Friday, 3 February 2012

More explorations

I am so pleased we decided to stay down in Spain for an additional week, as the weather was much more amenable than the arctic conditions that have been sweeping down through France since last weekend. The strong, cold wind that buffeted us at the start of the week thankfully receded enough to provide ideal conditions for a longer run (although not necessarily for taking photos!) on Tuesday. So the pooch and I headed out to explore an area further inland. The 20km circuit initially took us on tracks through olive groves before heading up a narrow path to a limestone headwall known as Raco el Flare.
At the start of the path, we encountered 2 blokes, one of which was clearly a hunter as he had a dead roe deer at his feet. The dog thought his luck was in! I managed to drag him away, but the drops of blood that dotted our path ahead just served to tantalize him more .... poor pooch!

After the Raco el Flare, I had some great running on good tracks through some wild-feeling countryside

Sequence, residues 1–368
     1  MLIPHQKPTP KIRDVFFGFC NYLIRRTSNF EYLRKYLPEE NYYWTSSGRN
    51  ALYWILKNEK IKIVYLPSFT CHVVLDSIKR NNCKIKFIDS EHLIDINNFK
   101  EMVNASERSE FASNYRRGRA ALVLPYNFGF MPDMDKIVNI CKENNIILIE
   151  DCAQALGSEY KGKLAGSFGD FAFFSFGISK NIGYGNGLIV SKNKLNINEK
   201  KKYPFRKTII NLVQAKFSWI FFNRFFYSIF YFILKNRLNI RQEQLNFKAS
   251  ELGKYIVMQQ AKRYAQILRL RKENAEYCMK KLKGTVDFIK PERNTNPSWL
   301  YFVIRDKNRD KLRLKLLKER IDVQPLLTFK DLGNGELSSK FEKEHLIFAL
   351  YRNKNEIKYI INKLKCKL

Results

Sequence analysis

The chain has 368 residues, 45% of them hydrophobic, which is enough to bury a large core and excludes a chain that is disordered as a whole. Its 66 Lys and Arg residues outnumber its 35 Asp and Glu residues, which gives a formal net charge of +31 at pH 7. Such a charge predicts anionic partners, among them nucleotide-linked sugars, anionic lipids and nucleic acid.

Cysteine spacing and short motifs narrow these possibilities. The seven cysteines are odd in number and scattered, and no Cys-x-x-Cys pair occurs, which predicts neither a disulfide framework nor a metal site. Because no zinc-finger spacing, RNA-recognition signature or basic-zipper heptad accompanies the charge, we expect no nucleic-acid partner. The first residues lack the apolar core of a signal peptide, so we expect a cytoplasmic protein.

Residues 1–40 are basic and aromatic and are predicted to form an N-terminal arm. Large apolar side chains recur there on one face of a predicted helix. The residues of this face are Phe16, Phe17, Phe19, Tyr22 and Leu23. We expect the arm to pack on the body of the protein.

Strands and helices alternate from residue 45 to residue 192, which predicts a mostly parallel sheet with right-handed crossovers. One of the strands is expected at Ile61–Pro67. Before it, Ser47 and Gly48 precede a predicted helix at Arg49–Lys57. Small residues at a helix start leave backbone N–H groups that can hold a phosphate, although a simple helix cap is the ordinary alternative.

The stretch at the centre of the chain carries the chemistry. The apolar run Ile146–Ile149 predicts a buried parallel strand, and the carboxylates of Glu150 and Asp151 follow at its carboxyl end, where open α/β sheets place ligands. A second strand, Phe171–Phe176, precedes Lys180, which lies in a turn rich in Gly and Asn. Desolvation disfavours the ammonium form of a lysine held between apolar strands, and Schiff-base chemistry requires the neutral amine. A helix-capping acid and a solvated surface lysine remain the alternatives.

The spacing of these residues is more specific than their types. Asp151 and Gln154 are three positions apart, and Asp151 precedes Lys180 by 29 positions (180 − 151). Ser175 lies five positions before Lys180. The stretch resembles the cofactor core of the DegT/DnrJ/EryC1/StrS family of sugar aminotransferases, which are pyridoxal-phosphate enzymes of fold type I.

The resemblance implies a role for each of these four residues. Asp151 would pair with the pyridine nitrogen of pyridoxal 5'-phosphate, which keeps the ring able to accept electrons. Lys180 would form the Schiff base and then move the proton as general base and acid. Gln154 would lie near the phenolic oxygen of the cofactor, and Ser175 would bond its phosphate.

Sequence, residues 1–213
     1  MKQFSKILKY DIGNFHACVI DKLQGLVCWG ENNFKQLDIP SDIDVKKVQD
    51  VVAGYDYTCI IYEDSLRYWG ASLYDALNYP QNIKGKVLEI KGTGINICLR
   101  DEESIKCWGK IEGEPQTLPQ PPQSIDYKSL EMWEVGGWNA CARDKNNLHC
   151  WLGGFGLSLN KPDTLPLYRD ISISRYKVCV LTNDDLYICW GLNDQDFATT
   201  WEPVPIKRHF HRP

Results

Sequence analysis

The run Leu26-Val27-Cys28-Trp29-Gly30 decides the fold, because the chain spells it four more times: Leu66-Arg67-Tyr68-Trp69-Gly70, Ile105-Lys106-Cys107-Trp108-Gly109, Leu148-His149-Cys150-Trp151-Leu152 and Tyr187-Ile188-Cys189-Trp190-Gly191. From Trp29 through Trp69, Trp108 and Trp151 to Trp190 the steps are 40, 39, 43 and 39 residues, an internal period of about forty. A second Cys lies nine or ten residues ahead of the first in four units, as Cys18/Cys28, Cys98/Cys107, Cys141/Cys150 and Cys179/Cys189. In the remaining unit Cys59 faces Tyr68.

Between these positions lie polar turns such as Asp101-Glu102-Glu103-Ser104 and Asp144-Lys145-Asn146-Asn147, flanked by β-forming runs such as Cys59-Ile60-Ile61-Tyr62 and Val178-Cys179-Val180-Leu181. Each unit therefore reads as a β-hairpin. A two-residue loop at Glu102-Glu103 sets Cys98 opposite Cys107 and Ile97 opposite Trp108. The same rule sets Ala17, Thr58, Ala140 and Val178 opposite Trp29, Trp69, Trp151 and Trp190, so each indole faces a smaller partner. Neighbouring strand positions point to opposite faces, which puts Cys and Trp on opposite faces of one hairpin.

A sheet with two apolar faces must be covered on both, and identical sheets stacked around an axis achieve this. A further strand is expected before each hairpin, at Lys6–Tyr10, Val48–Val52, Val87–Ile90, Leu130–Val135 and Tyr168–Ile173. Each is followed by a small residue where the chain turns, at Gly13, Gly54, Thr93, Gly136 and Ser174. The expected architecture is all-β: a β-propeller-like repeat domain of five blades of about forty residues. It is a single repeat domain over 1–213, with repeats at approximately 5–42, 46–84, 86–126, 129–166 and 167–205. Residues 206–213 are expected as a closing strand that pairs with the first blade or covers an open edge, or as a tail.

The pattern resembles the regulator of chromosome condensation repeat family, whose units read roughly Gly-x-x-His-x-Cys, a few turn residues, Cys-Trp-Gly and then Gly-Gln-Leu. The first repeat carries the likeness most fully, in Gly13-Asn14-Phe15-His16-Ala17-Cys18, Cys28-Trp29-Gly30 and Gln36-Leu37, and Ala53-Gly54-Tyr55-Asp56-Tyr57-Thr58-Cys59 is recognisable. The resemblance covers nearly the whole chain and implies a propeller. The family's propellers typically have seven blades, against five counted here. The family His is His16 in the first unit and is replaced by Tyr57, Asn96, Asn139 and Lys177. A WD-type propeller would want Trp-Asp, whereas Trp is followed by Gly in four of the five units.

The run took me around 2h20m and everything was working well which was good news. I don't have accurate stats as I stopped my GPS at one point and forgot to restart it again - silly mare!

On Thursday, we explored the wetlands natural park near Torreblanca in the hope of spotting some larger birds. Unfortunately there wasn't much of great interest about, although Andy did manage to spot and photograph a few birds that were new to him during our 7km walk. I, in the meantime, just took some general photos before the big bank of cloud swept in

The arrival of high winds, accompanied by a significant drop in temperature, were deciding factors in our decision to return home a day early, but not before Bonita had presented us with a 5 litre container of their own virgin olive oil, produced from their own olives and pressed in their own mill! I am going to miss Bonita! Anyway, today, Friday, we left at 9 a.m and had an uneventful 5 hr trip back to Tarascon, not encountering any of the atrocious road conditions that we had been expecting. Indeed, there was but a dusting of snow on the southern side of the chain, even as far as the entrance to the Tunnel de Puymorens, with more snow but fair to good conditions from the exit through to Ax. We were only obliged to put the chains on the Astra for the drive up the Col de Port and for the final leg home. For that, we can mainly thank the snow plough which had done a truely superb job of polishing the snowy surface to a fine, firm, icey finish! Grit? Nah, don't be daft! But we made it home in good time where the temperature was -7 deg C. The house is naturally taking time to warm through, but with the woodburner going full pelt and the petrol heater also working flat out upstairs, it won't be long before cosiness is restored.